What started as a passion project of repurposing and repurposing old clothes turned into the start of a growing small business in the Central Valley for Xitlaly Ocampo.
Amid the COVID-19 pandemic and with a call to live more sustainably, Ocampo started teaching herself how to repair, sew up and recycle her own old, thrifty clothes.
“Restitched” is now Ocampo’s small, part-time business where she transforms second-hand clothes into popular clothing trends and iconic pieces of clothing.
However, it wasn’t just his creative tweaks that made his company stand out. After finishing her full-time job, Ocampo spends hours creating Instagram reels and TikTok videos promoting her work with unique iconic costumes and beautiful dresses.
“I offer a variety of handmade items,” said Ocampo, who lives in Visalia. “I’m starting to get noticed without trying as the girl who makes Selena’s purple costume. That one is very popular.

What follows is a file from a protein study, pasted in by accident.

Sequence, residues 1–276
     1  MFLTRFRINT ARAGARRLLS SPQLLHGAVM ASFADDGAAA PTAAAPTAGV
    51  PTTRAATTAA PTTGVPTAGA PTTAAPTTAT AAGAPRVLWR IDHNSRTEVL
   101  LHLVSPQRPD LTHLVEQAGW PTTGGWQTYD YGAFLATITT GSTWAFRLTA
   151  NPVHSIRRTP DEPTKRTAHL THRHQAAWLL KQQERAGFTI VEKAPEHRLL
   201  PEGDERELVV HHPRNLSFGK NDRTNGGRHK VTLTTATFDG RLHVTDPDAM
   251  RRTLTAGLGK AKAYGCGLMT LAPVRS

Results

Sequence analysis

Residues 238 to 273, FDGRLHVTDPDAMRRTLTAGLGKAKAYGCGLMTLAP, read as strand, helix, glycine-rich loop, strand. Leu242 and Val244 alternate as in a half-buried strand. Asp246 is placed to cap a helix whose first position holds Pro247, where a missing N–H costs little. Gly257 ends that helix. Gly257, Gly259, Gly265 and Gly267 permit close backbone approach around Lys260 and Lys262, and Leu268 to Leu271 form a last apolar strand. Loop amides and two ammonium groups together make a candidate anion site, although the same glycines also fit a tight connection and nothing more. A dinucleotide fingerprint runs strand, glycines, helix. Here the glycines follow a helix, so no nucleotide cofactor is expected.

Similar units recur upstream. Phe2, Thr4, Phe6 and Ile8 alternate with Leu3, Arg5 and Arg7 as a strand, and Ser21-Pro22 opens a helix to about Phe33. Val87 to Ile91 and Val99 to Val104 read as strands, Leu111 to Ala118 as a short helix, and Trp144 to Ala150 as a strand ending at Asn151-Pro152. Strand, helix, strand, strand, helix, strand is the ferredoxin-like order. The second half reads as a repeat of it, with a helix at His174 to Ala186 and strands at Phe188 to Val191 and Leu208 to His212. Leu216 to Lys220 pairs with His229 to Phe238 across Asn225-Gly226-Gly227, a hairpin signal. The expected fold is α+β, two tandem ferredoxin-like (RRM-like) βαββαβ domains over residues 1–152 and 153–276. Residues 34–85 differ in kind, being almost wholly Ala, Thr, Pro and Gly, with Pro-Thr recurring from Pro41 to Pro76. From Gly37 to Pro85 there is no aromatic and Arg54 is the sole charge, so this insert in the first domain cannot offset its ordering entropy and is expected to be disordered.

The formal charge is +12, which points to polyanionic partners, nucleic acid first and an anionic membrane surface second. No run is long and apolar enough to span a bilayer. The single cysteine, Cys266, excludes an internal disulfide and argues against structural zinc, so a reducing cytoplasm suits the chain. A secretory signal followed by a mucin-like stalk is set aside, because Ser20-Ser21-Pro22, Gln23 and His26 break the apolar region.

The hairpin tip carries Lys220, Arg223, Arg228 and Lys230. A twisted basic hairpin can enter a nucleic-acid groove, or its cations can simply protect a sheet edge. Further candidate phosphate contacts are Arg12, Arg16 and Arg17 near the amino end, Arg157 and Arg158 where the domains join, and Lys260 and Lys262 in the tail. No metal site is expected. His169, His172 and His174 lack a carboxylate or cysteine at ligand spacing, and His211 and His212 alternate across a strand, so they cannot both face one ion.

The pandemic is a catalyst for starting a business
Before the pandemic, Ocampo received an old, second-hand sewing machine from her best friend, but after trying to come up with a simple design, she failed miserably and decided to give up.
However, in the first few months the pandemic hit, Ocampo found herself with plenty of free time and started learning the basics by watching YouTube videos and online sewing tutorials.
At first, Ocampo started small by making face masks – a must-have item at the time,
But as she began creating one piece after another, she was inspired to create items outside of her comfort zone, much like the infamous brown one-piece ensemble that late Tejano singer Selena Quintanilla wore. at her last gig before she was murdered.
— Xitlaly Ocampo (@XitlalyOcampo) August 12, 2020
“I have another Selena costume that I’m doing where it’s like the little black bolero and then there’s the cow print sleeves and then the skirt,” Ocampo said. “So this one, obviously, is a super simple upcycle.”
Watch: ‘Restiched’ offers sustainable clothing options
Teddy Bears in Quinceañera Dresses Are a Hit With the Gen Z Crowd
Ocampo has created several iconic pieces of clothing as a result of Selena’s costume, like Michael Jackson’s infamous Billy Jean jacket and tons of outfits suitable for kids’ costumes, including teddy bear Quinceañera dresses.
@restitchedbyxo This is my first time doing this type of project and I loved being able to reuse dresses that people normally wouldn’t spare due to staining. 🙌🏽 #upcycled #quinceañera #quince #quinceañeradresses #thrift #latinamade #latinabusiness ♬ Quinceañera – Banda Machos